Macaron Mania: The Recipes of the World’s Top Pastry Chefs

When I first wrote a recipe tutorial for French macarons in 2012, I couldn’t have imagined that, even to this day, it would be the most popular post on IronWhisk. Back then, the macaron craze was just gaining steam. Today, the almond-meringue cookies, which sandwich a ganache or jam filling, are ubiquitous.

Macaron Mania: Testing the Recipes of the World's Top Pastry Chefs

The macaron’s popularity means a plethora of surprisingly different recipes are available to play with. What, then, is the best way to make this famous cookie? Over the past few weeks, I have made it my mission to find out. After getting my hands on the formerly secret recipes of the world’s top pastry chefs, and baking dozens of batches and hundreds of macarons, my side-by-side tests and surveys provide the much-needed answers.

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Pistachio Macarons & “Macaron Myths”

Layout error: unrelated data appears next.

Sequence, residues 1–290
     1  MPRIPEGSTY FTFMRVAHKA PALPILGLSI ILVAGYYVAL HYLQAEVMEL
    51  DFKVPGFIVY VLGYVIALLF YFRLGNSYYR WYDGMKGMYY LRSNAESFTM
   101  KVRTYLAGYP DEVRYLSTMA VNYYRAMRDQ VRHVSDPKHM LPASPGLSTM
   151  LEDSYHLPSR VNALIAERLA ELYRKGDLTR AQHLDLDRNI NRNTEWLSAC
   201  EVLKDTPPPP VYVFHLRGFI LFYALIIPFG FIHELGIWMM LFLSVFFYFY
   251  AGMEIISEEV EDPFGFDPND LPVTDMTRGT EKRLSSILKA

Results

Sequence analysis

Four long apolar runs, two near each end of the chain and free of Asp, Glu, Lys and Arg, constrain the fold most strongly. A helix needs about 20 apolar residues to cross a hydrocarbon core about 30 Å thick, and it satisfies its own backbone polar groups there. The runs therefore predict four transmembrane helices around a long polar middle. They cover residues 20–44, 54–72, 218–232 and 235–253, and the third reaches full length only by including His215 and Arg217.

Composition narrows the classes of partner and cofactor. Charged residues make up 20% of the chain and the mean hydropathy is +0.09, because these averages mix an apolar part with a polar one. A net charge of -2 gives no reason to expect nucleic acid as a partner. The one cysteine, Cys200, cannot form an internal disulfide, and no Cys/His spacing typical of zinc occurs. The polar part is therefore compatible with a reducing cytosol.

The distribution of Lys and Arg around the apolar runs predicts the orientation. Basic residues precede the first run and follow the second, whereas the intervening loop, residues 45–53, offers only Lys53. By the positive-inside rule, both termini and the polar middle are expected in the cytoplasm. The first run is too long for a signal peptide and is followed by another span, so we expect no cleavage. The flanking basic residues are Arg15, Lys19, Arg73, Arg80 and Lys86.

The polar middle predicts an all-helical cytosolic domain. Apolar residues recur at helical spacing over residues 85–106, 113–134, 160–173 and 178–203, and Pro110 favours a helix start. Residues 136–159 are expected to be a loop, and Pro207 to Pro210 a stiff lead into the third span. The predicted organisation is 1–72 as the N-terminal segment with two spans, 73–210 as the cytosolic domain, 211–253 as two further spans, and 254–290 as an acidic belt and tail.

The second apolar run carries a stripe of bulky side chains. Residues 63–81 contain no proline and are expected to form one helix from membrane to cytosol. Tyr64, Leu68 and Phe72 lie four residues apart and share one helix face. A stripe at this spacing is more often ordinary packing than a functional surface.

Hi, it’s me. You might remember me (Ilan), you might not. It’s been a while… seems like forever, really. But I’m back!

Pistachio macarons with pistachio buttercream recipe + cracking down on macaron myths: what's true and what's not?

Well, I’ve never actually been gone (from Twitter, at least). I’ve been spending the time working on a new project that I briefly discussed in my last post, and which I’ll talk more about in a future post. With all the time that I’ve been investing in it, there hasn’t been much left for IronWhisk. But now I’ve finished my first year of university! That means I have all summer to share lots of great food with you. First up though, I want to talk about “macaron myths”.

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Matcha Green Tea Macarons

Matcha, if you have never heard of it before, is a strikingly coloured green tea powder from Japan. Unlike most teas, which you can prepare by soaking a teabag in water, matcha is meant to be stirred in and dissolved in the water.

Matcha green tea macarons with matcha buttercream. Don't you just want to click for the recipe? Yes you do.

Matcha is a little bit like hot chocolate mix, except much greener and without the taste of hot chocolate.  I guess the only similarity really is that both powders are soluble in water.

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